Looking at our billing history it’s clear to us that just the last few months we were billed more money for our electricity and water usage. When we had a look at what the time-of-use was costing us we weren’t surprised as prices have significantly gone up since the first pretty time-of-use refrigerator chart we received years back. I wish I had kept that chart to compare further but I tossed it in the bin earlier this year.

In 2016 it has been said that Ontario Hydro bills are going to cost us on average another $137 yearly for most people. If we add that on top of what we are paying now that’s one heck of a pricey utility bill. A drain on anyone’s budget especially when you have a house full of people.

On an average Hydro One bill, a $5.60 debt retirement charge is what’s being scrapped. But, at the same time, the government is also killing the Clean Energy Benefit. That’s another line on the bill that typically credits an average customer almost $17 per month.

The bottom line is monthly payments are likely to increase, on average by $11.- CBC News Toronto


Billing rate increases and your budget


It’s not just the electricity bill that is going up almost every bill we get has a billing rate increase but we typically see the jump at the onset of the new year. If you don’t read the fine print or any inserts provided with your bills you might even miss a billing rate increase and not even know you are paying more money.

The smart thing to do would be to track your expenses so you know exactly where your money is going and how much of it. If you auto-pay your bills you may also miss any billing rate increases since your bill is out-of-sight and out-of-mind.

I recall our Rogers bill going up unexpectedly one month with one reason being that we forgot one of our promotions was coming to an end. They also had us review a previous online bill only to find out that we missed our billing rate increase for cable and internet which drove our monthly bill up by almost $10. So much for those savings. We did eventually work out a plan so we were paying the same rate as earlier but we had to lose our VIP cable for a lower package in the process.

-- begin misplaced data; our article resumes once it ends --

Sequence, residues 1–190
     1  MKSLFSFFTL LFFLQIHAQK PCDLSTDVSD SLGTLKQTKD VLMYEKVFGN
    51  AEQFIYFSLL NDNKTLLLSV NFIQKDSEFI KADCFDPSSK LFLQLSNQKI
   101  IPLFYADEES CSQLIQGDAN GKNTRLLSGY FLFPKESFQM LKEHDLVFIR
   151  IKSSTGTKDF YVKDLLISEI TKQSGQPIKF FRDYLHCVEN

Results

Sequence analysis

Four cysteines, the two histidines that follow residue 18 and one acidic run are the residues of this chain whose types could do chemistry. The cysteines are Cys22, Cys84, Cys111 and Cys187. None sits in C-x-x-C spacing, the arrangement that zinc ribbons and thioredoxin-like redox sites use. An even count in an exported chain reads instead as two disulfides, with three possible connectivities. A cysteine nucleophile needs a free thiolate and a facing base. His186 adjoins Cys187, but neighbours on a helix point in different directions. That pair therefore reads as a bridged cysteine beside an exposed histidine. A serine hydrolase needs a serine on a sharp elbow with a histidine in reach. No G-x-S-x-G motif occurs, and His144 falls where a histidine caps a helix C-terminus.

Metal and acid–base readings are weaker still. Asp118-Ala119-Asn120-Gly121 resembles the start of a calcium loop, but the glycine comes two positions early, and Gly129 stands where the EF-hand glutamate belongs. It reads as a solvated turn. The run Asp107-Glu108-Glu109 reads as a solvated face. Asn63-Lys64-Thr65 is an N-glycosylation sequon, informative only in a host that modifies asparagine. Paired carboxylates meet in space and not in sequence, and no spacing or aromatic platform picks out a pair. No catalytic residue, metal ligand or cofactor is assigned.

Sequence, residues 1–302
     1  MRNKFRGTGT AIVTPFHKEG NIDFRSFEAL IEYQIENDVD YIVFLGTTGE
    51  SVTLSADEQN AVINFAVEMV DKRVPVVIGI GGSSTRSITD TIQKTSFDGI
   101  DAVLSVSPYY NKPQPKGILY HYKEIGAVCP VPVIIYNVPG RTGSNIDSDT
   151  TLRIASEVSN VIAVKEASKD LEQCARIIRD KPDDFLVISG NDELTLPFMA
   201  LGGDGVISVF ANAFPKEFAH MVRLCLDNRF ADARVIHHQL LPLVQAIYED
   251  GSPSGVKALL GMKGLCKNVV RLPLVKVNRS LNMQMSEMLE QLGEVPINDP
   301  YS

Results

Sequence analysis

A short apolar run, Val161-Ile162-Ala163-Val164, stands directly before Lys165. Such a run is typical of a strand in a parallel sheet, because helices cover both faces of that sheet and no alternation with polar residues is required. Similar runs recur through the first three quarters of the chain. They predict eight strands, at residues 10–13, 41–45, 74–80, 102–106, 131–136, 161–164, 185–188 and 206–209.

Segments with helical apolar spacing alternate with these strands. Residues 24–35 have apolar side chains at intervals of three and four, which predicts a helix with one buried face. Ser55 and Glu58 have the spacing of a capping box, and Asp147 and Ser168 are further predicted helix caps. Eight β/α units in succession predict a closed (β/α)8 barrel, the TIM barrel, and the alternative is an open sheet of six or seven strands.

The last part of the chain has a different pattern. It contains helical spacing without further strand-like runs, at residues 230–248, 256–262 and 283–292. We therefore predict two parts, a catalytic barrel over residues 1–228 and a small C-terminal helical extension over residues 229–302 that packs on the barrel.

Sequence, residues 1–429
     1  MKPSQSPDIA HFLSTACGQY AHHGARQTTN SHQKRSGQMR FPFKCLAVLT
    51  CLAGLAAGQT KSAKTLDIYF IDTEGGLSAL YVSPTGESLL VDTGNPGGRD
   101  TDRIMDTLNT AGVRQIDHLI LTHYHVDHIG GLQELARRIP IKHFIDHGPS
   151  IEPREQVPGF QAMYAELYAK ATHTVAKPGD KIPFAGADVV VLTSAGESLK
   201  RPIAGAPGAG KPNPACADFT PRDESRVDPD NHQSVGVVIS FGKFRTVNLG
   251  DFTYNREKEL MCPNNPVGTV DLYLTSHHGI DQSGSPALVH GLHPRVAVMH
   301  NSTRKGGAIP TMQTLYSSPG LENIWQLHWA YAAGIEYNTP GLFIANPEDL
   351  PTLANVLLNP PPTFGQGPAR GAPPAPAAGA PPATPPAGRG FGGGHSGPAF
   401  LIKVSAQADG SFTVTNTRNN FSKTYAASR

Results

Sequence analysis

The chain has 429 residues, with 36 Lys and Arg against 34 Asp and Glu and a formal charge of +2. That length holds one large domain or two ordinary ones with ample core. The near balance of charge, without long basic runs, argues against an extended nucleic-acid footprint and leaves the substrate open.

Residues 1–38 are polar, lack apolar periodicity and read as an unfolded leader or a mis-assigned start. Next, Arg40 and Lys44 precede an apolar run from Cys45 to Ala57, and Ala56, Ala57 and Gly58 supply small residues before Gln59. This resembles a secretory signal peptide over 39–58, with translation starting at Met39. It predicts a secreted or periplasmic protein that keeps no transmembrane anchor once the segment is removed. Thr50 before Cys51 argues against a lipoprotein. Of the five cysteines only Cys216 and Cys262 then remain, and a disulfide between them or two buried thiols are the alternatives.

Another example of an increase may be at the grocery store because prices are always going up and packaging shrinking. If you have credit cards and most people do you can easily miss an interest rate increase unless you read that tiny print on your monthly bill.

My PC MasterCard Elite Credit Card was just increased recently a month after getting it. That doesn’t bother us as we never pay a lick of interest to any credit card company. We use credit cards only for reward purposes plus less pit-stops at the bank and ATM. If you are someone that has a tight budget that rate increase may mean it takes you longer to pay your credit card bill if you don’t pay it in full.

Example: My Canadian Tire MasterCard interest rate is 16.99% and if my bill is $300 and I only had the cash to pay the minimum balance every month it would take me over 2 years to pay that off. Shocking, isn’t it?

Starting in 2016 our new family budget will have to accommodate the Hydro billing rate increase along with any other increases so that we can balance our monthly budget. If we have rate increases throughout the year the money comes from our savings.

If we didn’t have the cash to spare we’d have to chop, chop, chop the budget. We tend to review our budget yearly but if you are working with limited funds you may have to review it every few months to make sure you are hitting your target. If you find you are juggling your bills I would suggest you take the time and do a thorough budget review.

Any billing increases still dips into our retirement savings goals because that is eventually where most of our savings will end up. I suppose we can’t expect our bills to stay the same forever and we all know that prices aren’t going down.

Related: Free CBB Budget Download and Tools

For those who are not getting a Hydro rebate through the support program they will have to find ways to come up with the extra cash if they don’t have savings in the bank or can’t balance the budget.

It’s time to tighten the budget belt even further folks!